R/€ = 15.39Change: 0.16
R/$ = 13.75Change: 0.03
Au 1138.00 $/ozChange: 1.55
Pt 910.00 $/ozChange: 4.00
Note: Search is limited to the most recent 250 articles. Set date range to access earlier articles.
Where? With... When?

And must exclude these words...
Close Main Search
Close Main Login
My Profile News Alerts Newsletters Logout Close Main Profile
Agriculture   Automotive   Chemicals   Competition Policy   Construction   Defence   Economy   Electricity   Energy   Environment   ICT   Metals   Mining   Science and Technology   Services   Trade   Transport & Logistics   Water  
What's On Press Office Tenders Suppliers Directory Research Jobs Announcements Letters About Us
RSS Feed
Article   Comments   Other News   Research   Magazine  
Oct 31, 2008

Evidence of sunspot involvement in climate change compelling

© Reuse this Over the last few years, the evidence that sunspots on our sun are directly related to climate change on earth has been steadily increasing.

I explained the exact proposed mechanism in some detail previously. Great work in this field is being carried out by Dr Henrik Svensmark and coworkers in Denmark and elsewhere.

Briefly, the mechanism is that cosmic rays impact on the earth from deep space. These cosmic rays penetrate our atmosphere and lead to the formation of cloud cover. The cosmic rays nucleate sites in the atmosphere, from which clouds form from the natural water vapour.

If one puts a spoonful of coffee powder into a cup of microwaved water, the water forms bubbles of foam on the coffee grains. This is basically the same principle as the cosmic rays forming clouds in the atmosphere.

The earth’s magnetic field, which acts as a shielding, is altered by the sun’s activity, which, in turn, is indicated by means of the number of sunspots. As the earth’s magnetic shield varies, so the cloud cover varies. Few sunspots mean a weaker earth shield, which means more cosmic rays, which mean more clouds, which mean a cooling earth.

The correlation for this effect, going back thousands of years, is good, remarkably so. Scientifically, this looks believable, and it is consistent with the theory and observation.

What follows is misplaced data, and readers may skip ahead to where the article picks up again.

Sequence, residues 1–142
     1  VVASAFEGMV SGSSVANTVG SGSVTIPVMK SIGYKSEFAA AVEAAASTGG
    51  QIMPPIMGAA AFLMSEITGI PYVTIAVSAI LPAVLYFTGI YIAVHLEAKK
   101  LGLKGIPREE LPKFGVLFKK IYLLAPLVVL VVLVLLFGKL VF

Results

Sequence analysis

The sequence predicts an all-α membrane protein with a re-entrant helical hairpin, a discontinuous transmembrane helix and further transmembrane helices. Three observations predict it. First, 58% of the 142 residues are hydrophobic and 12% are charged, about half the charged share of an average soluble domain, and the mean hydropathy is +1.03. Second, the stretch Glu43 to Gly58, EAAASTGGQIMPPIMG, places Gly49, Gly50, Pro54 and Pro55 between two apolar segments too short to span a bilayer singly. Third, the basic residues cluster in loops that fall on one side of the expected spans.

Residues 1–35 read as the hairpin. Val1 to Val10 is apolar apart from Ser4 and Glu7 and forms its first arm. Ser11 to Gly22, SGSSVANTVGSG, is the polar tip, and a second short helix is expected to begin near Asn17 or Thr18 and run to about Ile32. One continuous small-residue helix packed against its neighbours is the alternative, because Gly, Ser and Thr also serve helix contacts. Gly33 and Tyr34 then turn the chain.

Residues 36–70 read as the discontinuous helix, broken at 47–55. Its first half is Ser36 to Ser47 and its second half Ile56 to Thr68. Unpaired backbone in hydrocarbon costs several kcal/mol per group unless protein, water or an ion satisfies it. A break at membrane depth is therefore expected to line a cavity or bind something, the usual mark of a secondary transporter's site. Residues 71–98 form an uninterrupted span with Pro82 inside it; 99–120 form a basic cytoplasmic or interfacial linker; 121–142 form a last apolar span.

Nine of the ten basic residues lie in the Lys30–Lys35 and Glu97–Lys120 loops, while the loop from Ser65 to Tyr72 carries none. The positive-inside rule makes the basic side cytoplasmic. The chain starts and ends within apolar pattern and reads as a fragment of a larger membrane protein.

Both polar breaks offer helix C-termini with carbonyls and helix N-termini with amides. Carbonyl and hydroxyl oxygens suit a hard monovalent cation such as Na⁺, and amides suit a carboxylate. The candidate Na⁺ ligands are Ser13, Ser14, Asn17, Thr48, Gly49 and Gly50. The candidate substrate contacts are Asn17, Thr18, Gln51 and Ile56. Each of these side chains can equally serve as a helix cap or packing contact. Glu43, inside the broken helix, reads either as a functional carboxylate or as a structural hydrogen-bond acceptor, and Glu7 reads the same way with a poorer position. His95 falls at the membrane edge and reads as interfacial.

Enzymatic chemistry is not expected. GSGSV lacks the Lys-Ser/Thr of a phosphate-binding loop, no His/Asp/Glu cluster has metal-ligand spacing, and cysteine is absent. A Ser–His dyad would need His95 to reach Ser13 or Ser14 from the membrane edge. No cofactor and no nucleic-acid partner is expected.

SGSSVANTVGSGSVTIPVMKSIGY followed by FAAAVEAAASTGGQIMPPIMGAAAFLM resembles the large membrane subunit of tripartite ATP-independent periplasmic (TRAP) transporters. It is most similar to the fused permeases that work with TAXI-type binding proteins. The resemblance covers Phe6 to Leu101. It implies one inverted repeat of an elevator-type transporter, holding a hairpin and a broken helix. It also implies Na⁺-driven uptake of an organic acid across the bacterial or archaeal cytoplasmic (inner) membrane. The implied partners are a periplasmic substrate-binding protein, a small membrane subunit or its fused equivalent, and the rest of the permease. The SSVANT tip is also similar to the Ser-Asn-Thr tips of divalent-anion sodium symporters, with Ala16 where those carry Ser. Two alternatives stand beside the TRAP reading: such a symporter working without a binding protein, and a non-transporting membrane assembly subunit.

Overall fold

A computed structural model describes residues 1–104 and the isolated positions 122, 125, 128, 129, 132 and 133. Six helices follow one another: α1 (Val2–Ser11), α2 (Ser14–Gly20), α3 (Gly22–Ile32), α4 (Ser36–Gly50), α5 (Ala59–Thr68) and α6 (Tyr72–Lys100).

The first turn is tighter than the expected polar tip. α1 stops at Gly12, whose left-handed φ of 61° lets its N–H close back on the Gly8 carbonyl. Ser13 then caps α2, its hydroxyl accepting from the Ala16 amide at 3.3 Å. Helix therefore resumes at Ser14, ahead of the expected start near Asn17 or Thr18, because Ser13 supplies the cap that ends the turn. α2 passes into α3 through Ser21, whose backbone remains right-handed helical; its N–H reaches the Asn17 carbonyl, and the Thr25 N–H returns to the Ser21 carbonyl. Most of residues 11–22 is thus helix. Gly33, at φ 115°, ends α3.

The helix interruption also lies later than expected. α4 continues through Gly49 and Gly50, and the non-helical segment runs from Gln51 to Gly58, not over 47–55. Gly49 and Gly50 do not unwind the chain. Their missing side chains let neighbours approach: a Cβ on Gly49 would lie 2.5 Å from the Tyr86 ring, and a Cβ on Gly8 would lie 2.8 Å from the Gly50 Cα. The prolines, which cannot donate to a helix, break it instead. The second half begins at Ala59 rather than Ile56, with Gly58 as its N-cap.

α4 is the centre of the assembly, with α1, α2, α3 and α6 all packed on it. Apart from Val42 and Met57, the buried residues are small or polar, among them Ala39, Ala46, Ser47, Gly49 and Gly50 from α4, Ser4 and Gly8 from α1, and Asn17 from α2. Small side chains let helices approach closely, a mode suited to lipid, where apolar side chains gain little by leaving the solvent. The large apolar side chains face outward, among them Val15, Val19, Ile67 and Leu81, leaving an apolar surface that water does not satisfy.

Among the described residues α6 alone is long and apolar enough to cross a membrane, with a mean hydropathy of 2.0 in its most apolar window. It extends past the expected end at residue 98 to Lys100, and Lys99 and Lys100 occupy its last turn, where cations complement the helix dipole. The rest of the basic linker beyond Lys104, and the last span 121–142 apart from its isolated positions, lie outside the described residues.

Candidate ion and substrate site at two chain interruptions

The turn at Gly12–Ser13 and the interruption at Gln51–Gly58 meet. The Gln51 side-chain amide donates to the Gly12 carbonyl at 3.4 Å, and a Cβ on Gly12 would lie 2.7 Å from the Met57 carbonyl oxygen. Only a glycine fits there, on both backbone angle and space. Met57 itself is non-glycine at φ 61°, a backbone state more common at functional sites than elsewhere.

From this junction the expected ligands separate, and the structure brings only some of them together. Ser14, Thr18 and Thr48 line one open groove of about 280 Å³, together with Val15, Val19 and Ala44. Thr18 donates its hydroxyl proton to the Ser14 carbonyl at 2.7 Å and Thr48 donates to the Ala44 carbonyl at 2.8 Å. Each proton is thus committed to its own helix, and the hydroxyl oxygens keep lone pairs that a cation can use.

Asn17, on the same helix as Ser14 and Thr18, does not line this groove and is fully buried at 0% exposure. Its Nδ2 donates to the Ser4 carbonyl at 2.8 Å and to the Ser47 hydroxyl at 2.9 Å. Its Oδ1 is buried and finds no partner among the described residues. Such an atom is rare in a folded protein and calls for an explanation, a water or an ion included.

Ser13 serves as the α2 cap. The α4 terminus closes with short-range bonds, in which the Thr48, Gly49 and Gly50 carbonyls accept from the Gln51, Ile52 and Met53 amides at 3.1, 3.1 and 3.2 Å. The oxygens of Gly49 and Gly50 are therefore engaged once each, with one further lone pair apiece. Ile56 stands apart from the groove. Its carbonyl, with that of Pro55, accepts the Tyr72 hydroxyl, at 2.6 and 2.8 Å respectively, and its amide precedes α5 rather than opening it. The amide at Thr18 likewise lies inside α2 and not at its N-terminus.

In contrast, the argument that man-made carbon dioxide (CO2) is causing warming does not fit the facts at all. Firstly, there was no indus- trial CO2 produced in vast quanti- ties when the Roman Warming period occurred, or when the Medieval Warming period occurred. Both are well documented in various archives, such as the historical and archaeological.

But there is more – global warming is extremely complex, and it is really naïve to believe that a relatively simple theory will explain it satisfactorily. It is far too simple just to say: CO2 traps heat and, therefore, more CO2 means more heat, and so we have global warming.

As the makers of heat-seeking missiles know very well, the CO2 in the atmosphere has ‘windows’ in it. This means that certain ‘heat frequencies’ pass through the atmosphere easily but other frequencies are trapped. It is these windows that the missile uses to hunt its prey. As a consequence, there are ‘frequency bands’ related to the CO2 cover of the earth. In various ‘bands’, the infrared passes through easily, or not so easily.

Further, CO2 can trap incoming heat from space and outgoing heat being radiated from the earth. The frequency bands linked to the CO2 also become saturated – they cannot just keep sucking up more and more heat. Essentially, this CO2 argument is very complex.

Over the last century, the temperature changes in our planet’s atmosphere, let alone ground and sea, just do not match the atmospheric CO2 concentration at all. This is cause for warning bells that, perhaps, this whole CO2 argument is not correct.